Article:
According to reliable sources, unemployment in the United Kingdom has reportedly escalated to the highest level in four years on account of tougher lockdown measures amid the second wave of the SARS-CoV-2 pandemic. This continues to place more pressure on workers and businesses in the country, add sources knowledgeable of the matter.
In the three months until the end of November, the rate of unemployment has increased to 5 per cent, supposedly representing a total of over 1.7 million people, as per the Office for National Statistics. This value has apparently risen from 4.9 per cent in the three months until the end of October, reportedly spiking to the highest level since August 2016.
The number of redundancies in the country have also hit a record high through the quarter in the light of the stringent restrictions in Northern Ireland, Scotland, and Wales. The ONS has also highlighted that the concentration of the lay-offs reportedly lies amongst younger workers, as well as in the hospitality and retail sectors.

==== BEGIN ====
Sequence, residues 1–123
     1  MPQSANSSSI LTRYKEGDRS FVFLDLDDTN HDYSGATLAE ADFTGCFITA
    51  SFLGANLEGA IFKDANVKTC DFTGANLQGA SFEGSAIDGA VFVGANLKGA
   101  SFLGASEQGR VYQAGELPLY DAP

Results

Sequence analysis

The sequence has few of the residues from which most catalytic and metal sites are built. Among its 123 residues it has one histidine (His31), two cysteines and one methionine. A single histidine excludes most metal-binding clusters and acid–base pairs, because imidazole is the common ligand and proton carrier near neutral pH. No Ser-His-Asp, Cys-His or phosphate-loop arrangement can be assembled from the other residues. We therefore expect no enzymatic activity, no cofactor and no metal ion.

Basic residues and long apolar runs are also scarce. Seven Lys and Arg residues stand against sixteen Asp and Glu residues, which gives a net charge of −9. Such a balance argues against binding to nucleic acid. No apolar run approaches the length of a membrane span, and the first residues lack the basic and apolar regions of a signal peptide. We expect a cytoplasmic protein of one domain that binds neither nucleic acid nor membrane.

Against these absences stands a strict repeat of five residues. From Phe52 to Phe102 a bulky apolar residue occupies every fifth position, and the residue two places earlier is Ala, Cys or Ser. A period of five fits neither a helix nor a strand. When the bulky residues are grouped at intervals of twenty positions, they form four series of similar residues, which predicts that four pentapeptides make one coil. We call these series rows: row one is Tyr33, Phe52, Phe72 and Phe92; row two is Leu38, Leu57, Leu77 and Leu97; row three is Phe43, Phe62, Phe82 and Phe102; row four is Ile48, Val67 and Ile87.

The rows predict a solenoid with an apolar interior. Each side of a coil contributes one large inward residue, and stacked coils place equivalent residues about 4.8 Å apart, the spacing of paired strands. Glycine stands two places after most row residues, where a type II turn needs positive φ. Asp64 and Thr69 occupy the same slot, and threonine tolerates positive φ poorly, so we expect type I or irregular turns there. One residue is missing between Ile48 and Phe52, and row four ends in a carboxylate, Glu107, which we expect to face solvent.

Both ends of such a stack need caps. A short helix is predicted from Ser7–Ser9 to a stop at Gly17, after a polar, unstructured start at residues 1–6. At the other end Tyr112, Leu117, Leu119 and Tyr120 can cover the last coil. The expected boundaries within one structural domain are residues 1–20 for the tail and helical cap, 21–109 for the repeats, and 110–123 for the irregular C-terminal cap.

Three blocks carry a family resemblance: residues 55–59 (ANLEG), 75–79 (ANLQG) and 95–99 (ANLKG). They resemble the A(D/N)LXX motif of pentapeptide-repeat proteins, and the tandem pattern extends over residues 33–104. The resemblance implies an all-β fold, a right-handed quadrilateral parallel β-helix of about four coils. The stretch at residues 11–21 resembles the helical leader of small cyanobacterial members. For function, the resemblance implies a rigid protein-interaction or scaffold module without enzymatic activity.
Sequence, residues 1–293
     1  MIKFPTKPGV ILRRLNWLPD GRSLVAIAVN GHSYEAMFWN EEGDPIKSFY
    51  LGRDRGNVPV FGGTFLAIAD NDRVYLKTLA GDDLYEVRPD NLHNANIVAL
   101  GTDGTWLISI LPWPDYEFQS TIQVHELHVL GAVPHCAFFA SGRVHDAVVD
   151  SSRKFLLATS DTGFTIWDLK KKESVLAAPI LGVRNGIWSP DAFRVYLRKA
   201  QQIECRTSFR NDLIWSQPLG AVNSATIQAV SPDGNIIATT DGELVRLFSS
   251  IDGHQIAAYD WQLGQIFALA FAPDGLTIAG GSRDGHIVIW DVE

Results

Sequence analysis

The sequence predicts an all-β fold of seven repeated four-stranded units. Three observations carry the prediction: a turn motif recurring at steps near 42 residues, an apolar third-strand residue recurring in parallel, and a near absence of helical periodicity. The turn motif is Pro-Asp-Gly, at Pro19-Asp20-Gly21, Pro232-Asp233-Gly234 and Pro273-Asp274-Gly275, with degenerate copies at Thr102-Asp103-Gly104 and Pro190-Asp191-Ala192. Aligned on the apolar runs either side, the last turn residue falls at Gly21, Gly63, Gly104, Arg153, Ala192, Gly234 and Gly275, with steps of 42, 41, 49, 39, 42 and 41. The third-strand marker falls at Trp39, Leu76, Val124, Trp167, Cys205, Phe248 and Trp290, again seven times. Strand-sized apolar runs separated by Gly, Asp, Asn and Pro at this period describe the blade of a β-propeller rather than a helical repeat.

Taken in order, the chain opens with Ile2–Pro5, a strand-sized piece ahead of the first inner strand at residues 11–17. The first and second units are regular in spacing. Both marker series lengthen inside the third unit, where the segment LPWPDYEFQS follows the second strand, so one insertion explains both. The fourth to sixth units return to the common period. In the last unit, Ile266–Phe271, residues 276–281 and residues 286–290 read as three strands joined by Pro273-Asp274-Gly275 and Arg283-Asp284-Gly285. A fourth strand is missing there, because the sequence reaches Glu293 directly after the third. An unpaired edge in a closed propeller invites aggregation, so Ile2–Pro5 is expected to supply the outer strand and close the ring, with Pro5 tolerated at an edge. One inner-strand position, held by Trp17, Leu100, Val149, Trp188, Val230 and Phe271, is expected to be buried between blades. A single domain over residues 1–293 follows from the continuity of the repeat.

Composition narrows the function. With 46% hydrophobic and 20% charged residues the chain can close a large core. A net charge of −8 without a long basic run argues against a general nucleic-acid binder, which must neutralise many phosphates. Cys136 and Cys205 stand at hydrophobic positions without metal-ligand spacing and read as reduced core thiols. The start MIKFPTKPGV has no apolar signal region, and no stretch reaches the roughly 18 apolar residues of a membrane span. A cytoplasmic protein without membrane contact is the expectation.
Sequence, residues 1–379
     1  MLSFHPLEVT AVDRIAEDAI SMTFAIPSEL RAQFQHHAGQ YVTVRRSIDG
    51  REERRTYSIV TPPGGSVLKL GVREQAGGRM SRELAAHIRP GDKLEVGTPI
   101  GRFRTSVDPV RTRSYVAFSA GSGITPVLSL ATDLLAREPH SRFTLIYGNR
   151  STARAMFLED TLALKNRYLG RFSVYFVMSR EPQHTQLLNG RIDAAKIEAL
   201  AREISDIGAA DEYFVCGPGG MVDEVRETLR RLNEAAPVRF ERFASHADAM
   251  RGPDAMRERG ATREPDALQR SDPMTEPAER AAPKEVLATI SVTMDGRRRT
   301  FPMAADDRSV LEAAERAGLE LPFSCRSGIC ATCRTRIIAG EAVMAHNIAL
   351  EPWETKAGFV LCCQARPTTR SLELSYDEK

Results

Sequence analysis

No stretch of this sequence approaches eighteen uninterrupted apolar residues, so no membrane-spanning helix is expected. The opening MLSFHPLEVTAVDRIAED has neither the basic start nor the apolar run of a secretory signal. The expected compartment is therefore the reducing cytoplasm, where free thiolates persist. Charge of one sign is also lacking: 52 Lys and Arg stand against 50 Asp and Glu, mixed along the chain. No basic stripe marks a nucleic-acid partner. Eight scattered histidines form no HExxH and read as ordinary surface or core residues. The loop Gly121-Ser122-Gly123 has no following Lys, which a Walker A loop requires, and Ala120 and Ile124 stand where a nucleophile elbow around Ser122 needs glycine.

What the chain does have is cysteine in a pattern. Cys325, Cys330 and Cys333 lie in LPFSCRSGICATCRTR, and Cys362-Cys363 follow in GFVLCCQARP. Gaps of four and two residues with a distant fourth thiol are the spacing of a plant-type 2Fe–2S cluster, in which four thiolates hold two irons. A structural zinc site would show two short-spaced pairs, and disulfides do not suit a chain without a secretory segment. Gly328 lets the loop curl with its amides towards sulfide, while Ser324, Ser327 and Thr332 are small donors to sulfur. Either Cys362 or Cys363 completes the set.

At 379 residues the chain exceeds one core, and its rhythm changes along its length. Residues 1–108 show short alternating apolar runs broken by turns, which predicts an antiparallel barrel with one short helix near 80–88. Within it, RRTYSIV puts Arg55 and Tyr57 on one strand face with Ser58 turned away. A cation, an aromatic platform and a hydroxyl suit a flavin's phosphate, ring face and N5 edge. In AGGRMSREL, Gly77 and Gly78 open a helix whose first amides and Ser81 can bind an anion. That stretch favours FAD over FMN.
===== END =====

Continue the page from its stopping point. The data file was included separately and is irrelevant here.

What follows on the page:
As opined by Joseph Rowntree Foundation’s Head of Economics, Dave Innes, the figures demonstrate the vitality of maintaining the higher rate of universal credit for the government. Cutting benefits at a time when unemployment grows is bad policy and bad economics, added Innes, emphasizing that it is not acceptable to leave millions of families in the dark regarding whether their incomes will be subjected to a £20 cut per week in April.
Apparently, the extensive usage of the furlough scheme has assisted the prevention of a more considerable increase in unemployment, cite economists.
According to Nye Cominetti, Senior Economist at the Resolution Foundation thinktank, as the labor market progressed towards deterioration, furlough has restrained tide on jobs losses. Nearly one in six private sector workers were laid off during the second lockdown in November 2020, with even more anticipated to be furloughed in the present, added Cominetti.